The overarching purpose of this study is to determine whether a consistent label on light bulb packaging would assist consumers in purchasing the most efficient and appropriate light bulb for their application. Or, alternatively, if product marking requirements (with specific information, but without specifying the design) on packaging would be just as effective as a standardised label.
E3 has commissioned a consumer study on the role and impact of lamp labelling and packaging information in the consumer purchase decision.
The study was conducted in two stages, through an online questionnaire in November 2016 and focus groups/in-depth shopper interviews during January 2017.
The aim of the study was to help determine if a mandatory label would assist consumers in purchasing energy efficient lamps or if mandatory information on the packaging, without specifying how the information should be presented, would be just as effective.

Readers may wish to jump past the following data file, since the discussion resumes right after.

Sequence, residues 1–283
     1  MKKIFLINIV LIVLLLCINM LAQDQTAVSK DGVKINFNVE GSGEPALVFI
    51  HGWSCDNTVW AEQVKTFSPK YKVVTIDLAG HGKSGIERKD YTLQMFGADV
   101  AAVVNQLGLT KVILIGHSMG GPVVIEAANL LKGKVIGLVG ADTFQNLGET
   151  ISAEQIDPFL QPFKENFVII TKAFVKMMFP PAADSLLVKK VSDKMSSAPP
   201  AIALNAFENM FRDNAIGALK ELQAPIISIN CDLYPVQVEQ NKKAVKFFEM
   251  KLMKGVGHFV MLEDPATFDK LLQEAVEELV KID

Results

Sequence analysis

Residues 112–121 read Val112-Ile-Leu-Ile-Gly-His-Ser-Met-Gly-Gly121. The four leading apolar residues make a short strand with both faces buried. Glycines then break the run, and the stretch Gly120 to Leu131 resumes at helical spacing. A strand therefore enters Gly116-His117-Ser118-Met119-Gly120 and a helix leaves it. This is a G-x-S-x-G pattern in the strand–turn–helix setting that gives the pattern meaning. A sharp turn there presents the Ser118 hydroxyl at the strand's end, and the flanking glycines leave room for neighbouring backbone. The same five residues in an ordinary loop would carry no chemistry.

Results from the study indicated that:
•Lamps are a low value, low engagement purchase that consumers typically put little thought into while in-store.
•Price and direct replacement are key drivers for purchase.
•Shopping can be a highly price sensitive decision - there is considerable resistance to paying $15 for one lamp, even if it does last for a long time.
•Consumers do not have a strong belief that a more energy efficient lamps will have a noticeable impact on their energy costs.
•Consumers are unlikely to pick up the pack so key information needs to be on the front.
•Much of the on-pack information is not used or understood.
•Scales represent an efficient way for consumers to make comparisons amongst available products.
The E3 Program is now in the process of examining the results, and will consider future direction based on consumer information needs, preferences and likely impact. This will form part of the Australian and New Zealand Governments’ broader lighting policy and regulation.